By Valerie Myers | Original Article
March 18, 2018

A major focus of the plan is revitalizing the “gateway to Presque Isle.”

Millcreek Township officials are looking into the future for problems that the township will need to address over the next two decades.

They’re also looking at more immediate concerns.

The result will be a new comprehensive plan to address both here-and-now and future issues, from fixing roads and stormwater flooding to dressing up major township commercial districts and providing bike and pedestrian paths.

A draft of the Embrace Millcreek plan is expected to be presented to the public this spring and to township supervisors for adoption this summer.

“We’re taking an honest look at ourselves and admitting that our roads are not in the shape they ought to be and that our stormwater system is not what it ought to be,” township Supervisor John Morgan said. Morgan, previously a transportation planner with the Erie County Department of Planning, has been leading the Embrace Millcreek initiative. “People who say their road hasn’t been paved in 20 years aren’t wrong. We have no record of 40 percent of our roads being paved in the last 20 years.”

The plan also will look beyond those issues for ways to stop blight, add amenities and attract visitors, residents and businesses. Recommendations will be “do-able,” Morgan said.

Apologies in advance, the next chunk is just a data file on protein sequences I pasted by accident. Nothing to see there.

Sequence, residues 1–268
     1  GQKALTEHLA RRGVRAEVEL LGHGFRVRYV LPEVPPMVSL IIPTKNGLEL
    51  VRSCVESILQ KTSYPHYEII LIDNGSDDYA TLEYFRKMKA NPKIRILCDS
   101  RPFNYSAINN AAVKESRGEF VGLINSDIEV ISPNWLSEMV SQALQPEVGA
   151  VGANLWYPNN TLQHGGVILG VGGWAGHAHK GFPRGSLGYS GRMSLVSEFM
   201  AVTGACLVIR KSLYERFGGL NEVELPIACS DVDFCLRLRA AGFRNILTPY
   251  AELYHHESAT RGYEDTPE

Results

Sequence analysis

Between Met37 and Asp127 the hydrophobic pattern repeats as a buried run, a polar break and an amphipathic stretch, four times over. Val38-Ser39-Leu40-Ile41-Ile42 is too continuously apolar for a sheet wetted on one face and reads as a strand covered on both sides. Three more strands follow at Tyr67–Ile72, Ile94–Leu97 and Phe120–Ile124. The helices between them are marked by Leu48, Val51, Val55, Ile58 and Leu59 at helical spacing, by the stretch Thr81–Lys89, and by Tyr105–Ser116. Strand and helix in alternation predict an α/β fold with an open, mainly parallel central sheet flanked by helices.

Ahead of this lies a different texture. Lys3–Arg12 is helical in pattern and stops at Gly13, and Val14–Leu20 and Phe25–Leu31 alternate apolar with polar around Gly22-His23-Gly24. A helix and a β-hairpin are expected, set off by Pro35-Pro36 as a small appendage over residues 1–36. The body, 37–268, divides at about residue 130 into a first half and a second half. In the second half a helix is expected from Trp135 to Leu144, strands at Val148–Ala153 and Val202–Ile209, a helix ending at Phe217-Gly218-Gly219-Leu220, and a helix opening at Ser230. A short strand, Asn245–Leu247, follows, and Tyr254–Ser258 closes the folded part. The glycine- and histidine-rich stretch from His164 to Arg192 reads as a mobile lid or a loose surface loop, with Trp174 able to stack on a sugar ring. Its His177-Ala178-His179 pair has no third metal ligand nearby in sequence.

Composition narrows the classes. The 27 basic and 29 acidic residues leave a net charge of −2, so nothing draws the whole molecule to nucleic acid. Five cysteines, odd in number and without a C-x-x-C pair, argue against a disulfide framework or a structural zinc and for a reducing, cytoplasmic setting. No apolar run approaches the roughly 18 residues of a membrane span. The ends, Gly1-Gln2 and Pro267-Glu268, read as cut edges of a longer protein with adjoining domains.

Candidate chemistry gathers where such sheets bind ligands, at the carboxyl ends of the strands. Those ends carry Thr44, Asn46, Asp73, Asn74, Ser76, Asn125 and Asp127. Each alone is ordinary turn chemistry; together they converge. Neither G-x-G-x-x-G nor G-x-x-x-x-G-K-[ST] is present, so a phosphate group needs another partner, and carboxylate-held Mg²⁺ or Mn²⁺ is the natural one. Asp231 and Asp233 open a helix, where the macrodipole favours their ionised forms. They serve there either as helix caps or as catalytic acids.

“This isn’t pie in the sky,” Morgan said. “The goals will be achievable. They’re going to be affordable. And we have a staff in place that can carry the ball when we get it.

This will be a plan for things that we can accomplish, and the community will be able to hold our feet to the fire if we don’t do them,” Morgan said.

On March 13, a hallway at the Millcreek Township municipal building is decorated with the details of the township’s Embrace Millcreek comprehensive plan.

 

Accentuating the positive — Presque Isle

Major focuses of the plan include aesthetics, or making the major gateways to Presque Isle — along Peninsula Drive, West Eighth, West 12th and West 26th streets — more attractive to visitors and businesses.

Presque Isle State Park attracts more than 4 million visitors annually, but the approaches to the park leave something to be desired, according to planners and residents.

Fixes could include improved “streetscapes,” especially along Peninsula Drive, with large trees and new lighting and signs from West 26th Street to Presque Isle State Park, according to preliminary plan documents.